I haven't been in to record for almost three weeks. I hit some sort of wall. I just got so bored of sitting in that little room by myself, pushing record and singing into the mic take after take. Ugh. What I got down is technically fine. There's a strong signal. It's clear. No one but me would notice the small mistakes in the final take. Todd says once we start mixing it will become a totally different animal--the mixing is where the magic happens. But to me it all seems flat. Once I realized (a few weeks ago) that I would not have a cd to sell at my Listening Room gig last Friday, I eased up. I gave myself a break, from which I have not returned.
Then Sunday night I played at the Blue Moon. Everybody did a little set. I was in the middle. Mostly people did solo or duet stuff. Jay sat in on drums for most. And mostly it was mellow folk music. Don't get me wrong, I love mellow folk music. Most of what I play is mellow folk music. But this last batch of songs I've written (and, really, many of the songs I've written) have a strong pop leaning. They are "up". So I was thrilled to have Jay there. And Jay called John up to play bass--even better.
We hadn't rehearsed any of this. I wasn't even sure what I was going to play. I started with a new one called "Catch it when you can." It rocked. Then Robin came up and we sang another peppy new song called "Boca 1979" to which the lyrics are actually incredibly creepy and sad. It rocked. We then pulled "Econolodge" out of the recesses of our memory. Guess what. It rocked. Robin sat down and I finished with "Box of Letters" which I'd always wanted to play with a band.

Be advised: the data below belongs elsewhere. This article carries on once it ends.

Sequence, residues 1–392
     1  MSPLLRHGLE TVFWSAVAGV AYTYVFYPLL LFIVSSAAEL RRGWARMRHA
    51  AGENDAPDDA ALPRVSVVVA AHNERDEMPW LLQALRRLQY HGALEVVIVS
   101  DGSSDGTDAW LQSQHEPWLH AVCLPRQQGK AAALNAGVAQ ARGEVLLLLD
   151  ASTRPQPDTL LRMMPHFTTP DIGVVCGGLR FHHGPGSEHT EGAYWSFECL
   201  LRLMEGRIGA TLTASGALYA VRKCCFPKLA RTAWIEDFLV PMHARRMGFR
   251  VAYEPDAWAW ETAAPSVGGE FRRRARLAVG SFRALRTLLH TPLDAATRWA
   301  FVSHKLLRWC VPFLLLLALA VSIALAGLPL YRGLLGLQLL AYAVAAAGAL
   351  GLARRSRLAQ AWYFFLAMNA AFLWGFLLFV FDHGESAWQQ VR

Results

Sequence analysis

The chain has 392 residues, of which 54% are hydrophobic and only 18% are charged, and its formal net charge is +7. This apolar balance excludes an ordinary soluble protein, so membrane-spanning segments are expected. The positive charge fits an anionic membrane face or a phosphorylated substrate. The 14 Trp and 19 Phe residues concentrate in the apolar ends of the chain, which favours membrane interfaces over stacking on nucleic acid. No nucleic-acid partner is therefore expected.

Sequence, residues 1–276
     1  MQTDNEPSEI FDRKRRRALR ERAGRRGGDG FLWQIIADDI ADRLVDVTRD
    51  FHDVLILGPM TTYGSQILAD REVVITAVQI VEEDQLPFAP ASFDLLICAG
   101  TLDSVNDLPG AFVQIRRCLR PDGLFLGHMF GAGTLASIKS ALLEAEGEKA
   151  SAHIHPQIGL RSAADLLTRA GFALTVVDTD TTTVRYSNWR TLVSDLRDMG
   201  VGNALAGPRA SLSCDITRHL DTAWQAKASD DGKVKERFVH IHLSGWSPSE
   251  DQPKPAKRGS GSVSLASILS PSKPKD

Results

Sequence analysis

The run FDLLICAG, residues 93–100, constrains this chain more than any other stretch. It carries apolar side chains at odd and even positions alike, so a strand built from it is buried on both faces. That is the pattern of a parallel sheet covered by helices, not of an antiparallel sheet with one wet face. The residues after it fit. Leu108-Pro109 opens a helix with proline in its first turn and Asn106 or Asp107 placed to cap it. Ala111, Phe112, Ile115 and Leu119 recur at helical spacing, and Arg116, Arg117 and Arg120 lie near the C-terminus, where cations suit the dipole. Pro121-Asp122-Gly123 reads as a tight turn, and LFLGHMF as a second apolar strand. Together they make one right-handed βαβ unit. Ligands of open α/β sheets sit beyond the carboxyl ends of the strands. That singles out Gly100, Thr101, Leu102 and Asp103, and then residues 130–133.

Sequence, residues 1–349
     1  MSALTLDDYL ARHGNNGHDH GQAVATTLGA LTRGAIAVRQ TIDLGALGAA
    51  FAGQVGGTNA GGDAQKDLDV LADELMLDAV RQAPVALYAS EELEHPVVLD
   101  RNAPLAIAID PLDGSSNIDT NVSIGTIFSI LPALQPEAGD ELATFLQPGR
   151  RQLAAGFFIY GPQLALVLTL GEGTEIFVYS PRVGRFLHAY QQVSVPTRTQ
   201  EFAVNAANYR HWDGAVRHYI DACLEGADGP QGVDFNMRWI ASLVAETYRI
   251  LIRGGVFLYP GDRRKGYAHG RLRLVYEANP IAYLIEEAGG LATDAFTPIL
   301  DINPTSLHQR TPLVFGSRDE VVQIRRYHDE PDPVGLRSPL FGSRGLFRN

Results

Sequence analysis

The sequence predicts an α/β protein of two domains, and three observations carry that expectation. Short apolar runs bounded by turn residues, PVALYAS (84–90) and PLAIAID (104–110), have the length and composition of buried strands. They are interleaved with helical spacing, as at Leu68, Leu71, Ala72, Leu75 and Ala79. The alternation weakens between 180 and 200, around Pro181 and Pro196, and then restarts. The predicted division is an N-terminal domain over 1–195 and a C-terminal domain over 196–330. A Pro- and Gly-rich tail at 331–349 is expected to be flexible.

That was THE MOST FUN I had had with my music in...forever. I felt energized. I felt inspired. I thought, I want to write songs for a guitar, bass, drum combo! And most of my songs really lend themselves to that bar band alt-country feel. It was so great. I'm sure it didn't SOUND fantastic to our listeners because it was totally on the fly with me shouting at John off mic "here comes the bridge! it goes to C!" or "in the next verse, guitar and bass drop out but keep a beat going, Jay!"
It was an epiphany. I need to change horses in midstream here. I think I need to go record live at Jay's with Jay and John. I can't go back to that little room by myself. Jay has an analog recording set up. It's not as high tech as Todd's and has a less polished, radio-ready sound to it. But I think I will gladly trade that out for an inspired sound and for ENJOYING myself doing it.
I have these nagging inner voices, though. They say, "oh, so suddenly you're a temperamental artist? and you can't create your art unless it's under the right conditions? get over yourself." It is hard for me to admit to myself that I'm a musician. To say "I'm a songwriter" and not "I've written a few songs." I don't know why it is, but it is hard to say that music is art and art is not like math where the answer comes out the same every time. Just putting in the time and practice and pushing the right buttons on the digital recorder does ensure (insure?) that I will have a product I can be happy with at the end of the day (month, year, God help me). Art does require inspiration. It is completely personal. It is about self expression and if I want to produce art (yes, please) I need to create a situation where I fell inspired, comfortable, and..well..psyched. I have to deliberatley grant myself permission for this.
Why do I resist that? Why do I feel like it's silly?
I don't feel like I've wasted my time recording at Todd's. It's all about lessons learned, right? So, I am learning what works for me and what doesn't work for me. I wasn't going to have a cd for my May show, anyway...so, we'll start over at Jay's this summer and hopefully, by the time I start school in August I will have a sweet, rockin', album of songs with my bar band. Oooh, I get excited just thinking of that.
I do of course need to get a couple songs recorded to send into a festival contest I want to enter. I've entered before with no success...but this may be my year...you never know.